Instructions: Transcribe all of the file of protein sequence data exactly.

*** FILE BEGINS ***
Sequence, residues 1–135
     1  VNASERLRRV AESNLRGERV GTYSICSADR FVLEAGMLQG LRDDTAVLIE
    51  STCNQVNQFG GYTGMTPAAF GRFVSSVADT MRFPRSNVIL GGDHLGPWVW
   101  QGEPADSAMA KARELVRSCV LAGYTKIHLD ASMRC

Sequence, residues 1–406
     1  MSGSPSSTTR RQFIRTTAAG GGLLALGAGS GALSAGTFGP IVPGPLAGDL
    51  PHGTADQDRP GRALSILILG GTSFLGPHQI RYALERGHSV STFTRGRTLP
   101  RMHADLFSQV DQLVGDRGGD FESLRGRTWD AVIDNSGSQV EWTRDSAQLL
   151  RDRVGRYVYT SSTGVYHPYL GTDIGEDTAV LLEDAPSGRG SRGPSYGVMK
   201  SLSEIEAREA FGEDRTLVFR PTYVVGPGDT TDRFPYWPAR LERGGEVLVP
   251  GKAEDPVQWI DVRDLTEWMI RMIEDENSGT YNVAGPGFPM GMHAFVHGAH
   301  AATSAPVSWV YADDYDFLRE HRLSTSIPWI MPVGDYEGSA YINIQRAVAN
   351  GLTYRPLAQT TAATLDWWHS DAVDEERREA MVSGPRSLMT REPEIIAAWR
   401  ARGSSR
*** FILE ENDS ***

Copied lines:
Sequence, residues 1–135
     1  VNASERLRRV AESNLRGERV GTYSICSADR FVLEAGMLQG LRDDTAVLIE
    51  STCNQVNQFG GYTGMTPAAF GRFVSSVADT MRFPRSNVIL GGDHLGPWVW
   101  QGEPADSAMA KARELVRSCV LAGYTKIHLD ASMRC

Sequence, residues 1–406
     1  MSGSPSSTTR RQFIRTTAAG GGLLALGAGS GALSAGTFGP IVPGPLAGDL
    51  PHGTADQDRP GRALSILILG GTSFLGPHQI RYALERGHSV STFTRGRTLP
   101  RMHADLFSQV DQLVGDRGGD FESLRGRTWD AVIDNSGSQV EWTRDSAQLL
   151  RDRVGRYVYT SSTGVYHPYL GTDIGEDTAV LLEDAPSGRG SRGPSYGVMK
   201  SLSEIEAREA FGEDRTLVFR PTYVVGPGDT TDRFPYWPAR LERGGEVLVP
   251  GKAEDPVQWI DVRDLTEWMI RMIEDENSGT YNVAGPGFPM GMHAFVHGAH
   301  AATSAPVSWV YADDYDFLRE HRLSTSIPWI MPVGDYEGSA YINIQRAVAN
   351  GLTYRPLAQT TAATLDWWHS DAVDEERREA MVSGPRSLMT REPEIIAAWR
   401  ARGSSR